The art work is owned by The Connection as it was a piece of art done by staff and clients


In News by AIVL

AIVL recently yarned with Monica Ruffy about her work through CAHMA and The Connection with a peer-based support group for mothers who use drugs, based in Canberra: The Jude Byrne Women’s Group, A group for women with AOD and Care and Protection involvement.

AIVL: First up Monica, I’d like to acknowledge that I’m on Gadigal Land, and pay my respects to Elders, past, present and emerging. I’d also like to pay my respects to you. This land was never ceded. There has never been a treaty. Always was, always will be, Aboriginal land.

Monica: Thank you for that acknowledgement!

AIVL: So how did The Jude Byrne Women’s Group come into being?

Monica: I noticed that our female clients were suffering due to the lack of understanding by Child Protection (CP) workers of harm minimization practices. Our female clients felt discriminated by the child protection workers.

AIVL: Sounds like you and your clients were having some negative outcomes engaging with Child Protection.

Monica: The child protection system assumes because women use drugs, they are bad parents, and this is simply not true.  Child Protection workers can often display inherent prejudice and mistrust regarding people who use drugs. Workers rarely have an understanding of harm reduction practices and are only interested in abstinence-based treatment options.

AIVL: Do you think that our people who are Aboriginal and/or Torres Strait Islander are treated differently by CP?

Monica: Absolutely! If a family happens to be from a lower socioeconomic background or identify as First Nations they are often subject to significant discrimination and have their children removed at a higher rate.

AIVL: What have been some of the challenges you’ve faced in getting it to where it is now?

Monica: Some of the challenges we have had in the planning and running of the Jude Byrne women’s support group have been the product of the Government mandated lockdowns relating to COVID-19. The first two planned groups had to be cancelled due to Covid lockdowns. We then had to rejig our meetings due to the restrictions on numbers of people in the room and room size.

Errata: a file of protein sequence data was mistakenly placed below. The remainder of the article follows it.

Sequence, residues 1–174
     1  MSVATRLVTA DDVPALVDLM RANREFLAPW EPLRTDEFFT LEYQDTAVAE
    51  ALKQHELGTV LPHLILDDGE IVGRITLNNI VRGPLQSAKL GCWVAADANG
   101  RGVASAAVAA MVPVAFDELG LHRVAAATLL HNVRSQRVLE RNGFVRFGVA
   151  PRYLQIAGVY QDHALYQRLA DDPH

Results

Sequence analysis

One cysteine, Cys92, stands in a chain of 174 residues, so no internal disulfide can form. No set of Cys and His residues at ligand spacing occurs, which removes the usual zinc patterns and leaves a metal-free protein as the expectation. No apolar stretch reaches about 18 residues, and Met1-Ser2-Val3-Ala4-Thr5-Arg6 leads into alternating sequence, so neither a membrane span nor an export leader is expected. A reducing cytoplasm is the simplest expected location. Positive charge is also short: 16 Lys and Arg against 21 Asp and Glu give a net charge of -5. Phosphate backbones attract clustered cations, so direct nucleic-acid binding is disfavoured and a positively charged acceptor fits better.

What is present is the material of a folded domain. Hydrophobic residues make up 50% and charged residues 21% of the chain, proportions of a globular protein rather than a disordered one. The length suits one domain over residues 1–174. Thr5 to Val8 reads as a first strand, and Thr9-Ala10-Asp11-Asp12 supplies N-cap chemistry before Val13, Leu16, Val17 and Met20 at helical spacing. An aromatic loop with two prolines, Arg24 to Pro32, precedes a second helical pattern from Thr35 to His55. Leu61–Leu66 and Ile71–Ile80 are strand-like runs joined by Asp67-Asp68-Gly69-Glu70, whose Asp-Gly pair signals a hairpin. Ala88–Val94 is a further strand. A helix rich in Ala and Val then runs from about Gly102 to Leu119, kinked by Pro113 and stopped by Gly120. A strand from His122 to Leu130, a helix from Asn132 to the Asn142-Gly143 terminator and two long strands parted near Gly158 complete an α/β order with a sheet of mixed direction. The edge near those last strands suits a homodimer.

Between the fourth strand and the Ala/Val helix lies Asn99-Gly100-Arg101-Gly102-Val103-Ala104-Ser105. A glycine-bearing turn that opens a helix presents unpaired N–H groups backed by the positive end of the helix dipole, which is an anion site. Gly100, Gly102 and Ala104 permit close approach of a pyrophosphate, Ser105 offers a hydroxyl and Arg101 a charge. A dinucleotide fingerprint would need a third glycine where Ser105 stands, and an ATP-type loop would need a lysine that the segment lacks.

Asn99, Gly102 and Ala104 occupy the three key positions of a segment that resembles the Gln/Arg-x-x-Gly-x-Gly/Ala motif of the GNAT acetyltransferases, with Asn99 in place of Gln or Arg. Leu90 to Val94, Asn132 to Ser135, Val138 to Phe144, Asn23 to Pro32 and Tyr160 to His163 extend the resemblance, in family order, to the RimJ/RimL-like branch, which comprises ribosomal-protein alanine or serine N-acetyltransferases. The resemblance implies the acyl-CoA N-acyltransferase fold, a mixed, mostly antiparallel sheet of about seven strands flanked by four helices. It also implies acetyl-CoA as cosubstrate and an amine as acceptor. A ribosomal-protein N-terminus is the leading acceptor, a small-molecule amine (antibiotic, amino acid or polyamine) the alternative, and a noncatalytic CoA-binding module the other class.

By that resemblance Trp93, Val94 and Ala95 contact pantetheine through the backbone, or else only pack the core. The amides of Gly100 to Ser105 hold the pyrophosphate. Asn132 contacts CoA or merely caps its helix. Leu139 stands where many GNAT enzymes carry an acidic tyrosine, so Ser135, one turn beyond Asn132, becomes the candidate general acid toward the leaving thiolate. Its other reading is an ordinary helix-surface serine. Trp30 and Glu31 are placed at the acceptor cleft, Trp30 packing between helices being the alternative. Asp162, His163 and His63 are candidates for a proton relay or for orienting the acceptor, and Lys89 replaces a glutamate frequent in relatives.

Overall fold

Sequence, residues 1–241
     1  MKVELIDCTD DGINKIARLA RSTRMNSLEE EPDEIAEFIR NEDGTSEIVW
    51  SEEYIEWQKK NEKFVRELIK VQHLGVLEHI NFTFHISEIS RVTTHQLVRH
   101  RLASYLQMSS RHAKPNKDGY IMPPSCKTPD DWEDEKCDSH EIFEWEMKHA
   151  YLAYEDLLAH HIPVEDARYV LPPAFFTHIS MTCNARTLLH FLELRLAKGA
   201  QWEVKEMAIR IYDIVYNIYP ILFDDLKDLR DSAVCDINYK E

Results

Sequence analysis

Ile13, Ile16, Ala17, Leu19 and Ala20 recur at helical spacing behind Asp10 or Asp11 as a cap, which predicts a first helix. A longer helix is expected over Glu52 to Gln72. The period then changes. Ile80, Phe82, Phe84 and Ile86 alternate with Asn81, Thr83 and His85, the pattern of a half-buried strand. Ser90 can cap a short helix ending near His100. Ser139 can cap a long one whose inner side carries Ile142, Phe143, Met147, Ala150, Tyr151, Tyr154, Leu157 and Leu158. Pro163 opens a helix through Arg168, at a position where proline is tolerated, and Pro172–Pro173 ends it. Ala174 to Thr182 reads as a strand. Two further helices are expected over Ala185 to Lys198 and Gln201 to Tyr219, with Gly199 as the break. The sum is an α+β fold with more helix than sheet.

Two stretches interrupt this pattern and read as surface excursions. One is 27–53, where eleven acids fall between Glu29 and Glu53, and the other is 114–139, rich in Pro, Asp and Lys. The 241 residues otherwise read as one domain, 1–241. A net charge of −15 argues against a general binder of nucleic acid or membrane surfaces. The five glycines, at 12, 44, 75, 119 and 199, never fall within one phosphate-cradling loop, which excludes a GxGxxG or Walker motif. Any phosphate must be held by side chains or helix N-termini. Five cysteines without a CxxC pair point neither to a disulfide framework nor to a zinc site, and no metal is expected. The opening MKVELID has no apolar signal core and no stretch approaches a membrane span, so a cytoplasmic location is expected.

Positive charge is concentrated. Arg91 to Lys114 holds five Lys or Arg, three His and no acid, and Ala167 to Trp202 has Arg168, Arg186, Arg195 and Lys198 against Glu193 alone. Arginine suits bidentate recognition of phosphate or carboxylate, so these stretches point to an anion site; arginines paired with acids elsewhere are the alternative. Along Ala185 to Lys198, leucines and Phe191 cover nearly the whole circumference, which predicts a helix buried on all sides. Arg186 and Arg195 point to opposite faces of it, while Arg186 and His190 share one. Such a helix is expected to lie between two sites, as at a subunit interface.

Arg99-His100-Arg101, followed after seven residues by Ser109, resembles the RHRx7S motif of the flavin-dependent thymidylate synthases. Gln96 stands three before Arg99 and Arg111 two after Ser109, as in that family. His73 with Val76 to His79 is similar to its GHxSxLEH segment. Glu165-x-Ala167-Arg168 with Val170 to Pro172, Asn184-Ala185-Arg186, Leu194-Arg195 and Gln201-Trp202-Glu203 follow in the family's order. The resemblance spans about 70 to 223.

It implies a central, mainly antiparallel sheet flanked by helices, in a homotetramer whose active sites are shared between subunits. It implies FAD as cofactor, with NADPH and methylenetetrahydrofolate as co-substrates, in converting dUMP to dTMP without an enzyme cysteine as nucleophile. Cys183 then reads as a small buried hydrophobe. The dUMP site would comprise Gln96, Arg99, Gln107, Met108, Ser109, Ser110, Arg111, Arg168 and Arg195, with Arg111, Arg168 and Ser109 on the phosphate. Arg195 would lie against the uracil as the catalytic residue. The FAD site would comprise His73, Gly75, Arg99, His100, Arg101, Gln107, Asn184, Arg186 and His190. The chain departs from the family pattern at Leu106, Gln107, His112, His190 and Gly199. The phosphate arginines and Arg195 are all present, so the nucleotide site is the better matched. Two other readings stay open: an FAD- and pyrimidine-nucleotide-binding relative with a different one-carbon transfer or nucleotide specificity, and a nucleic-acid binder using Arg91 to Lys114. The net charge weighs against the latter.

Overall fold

We also faced a hurdle around venue hire. As the first group was a pilot group, we had no money to hire a venue. We held the first group in the boardroom of the CAHMA office in Belconnen.

Another major challenge we had was women knowing each other and having conflict outside of the group. The conflict spilled into the group. We were able to work with the concerned parties and  provide an arrangement that alleviated this tension between attendees.

AIVL: What are some of your “Memorable Moments” of running this group?

Monica: How engaged the group members were! They loved coming together every week and sharing what had occurred during the past week: how they had used the tools they had learnt the previous week at home with their partners or children or workers from Child protection. Another highlight was seeing the women’s faces when they did the art projects at the end of each session. A lot of the women didn’t think they could make anything and then seeing the result of what they made and the fact that they could do it was great.

 AIVL: What changes would you like to see as a result of your work?  

Monica: I would like to see the governments look at this on a more holistic level and see that women who use drugs are good parents just like everyone else.

AIVL: Who can people get in touch with if they want to know more about this program?

People can get in touch with me if they like! My email address is

If you want to find out more about our service, you can check out our webpage at Canberra Alliance for Harm Minimisation & Advocacy | CAHMA .

AIVL: Hey thanks Monica for yarning with us about this amazing program! Please keep us updated about it. Love to know how its going!

Monica: You’re welcome!

About Monica

Monica Ruffy is a proud first nations women from the Yuin Nation, on her mother’s side of the family and a proud Brit on her father’s side of the family. Most of her family still live in Essex and London.

Monica Currently works as an Aboriginal Peer support worker at CAHMA and The Connection, and has been with CAHMA for approximately 5 years. Before this Monica worked in Mental health and as a family support worker.

Monica is currently studying the Bachelor of Social Work specializing in Australian Indigenous Welfare at Charles Sturt University. She also holds an Advanced Diploma in Community Welfare and a Certificate 4 in Mental health.

Monica is very passionate about working with families, especially families with children with disabilities and families involved in the care and protection system.

For further information, you can contact Monica via email: